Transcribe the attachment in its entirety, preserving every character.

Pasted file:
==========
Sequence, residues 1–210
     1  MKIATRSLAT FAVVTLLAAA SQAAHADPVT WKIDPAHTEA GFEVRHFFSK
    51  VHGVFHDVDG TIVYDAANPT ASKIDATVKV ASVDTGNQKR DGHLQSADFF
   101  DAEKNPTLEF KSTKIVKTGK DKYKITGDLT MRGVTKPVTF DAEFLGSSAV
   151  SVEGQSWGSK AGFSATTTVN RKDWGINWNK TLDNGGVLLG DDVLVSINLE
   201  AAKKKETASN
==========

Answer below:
Sequence, residues 1–210
     1  MKIATRSLAT FAVVTLLAAA SQAAHADPVT WKIDPAHTEA GFEVRHFFSK
    51  VHGVFHDVDG TIVYDAANPT ASKIDATVKV ASVDTGNQKR DGHLQSADFF
   101  DAEKNPTLEF KSTKIVKTGK DKYKITGDLT MRGVTKPVTF DAEFLGSSAV
   151  SVEGQSWGSK AGFSATTTVN RKDWGINWNK TLDNGGVLLG DDVLVSINLE
   201  AAKKKETASN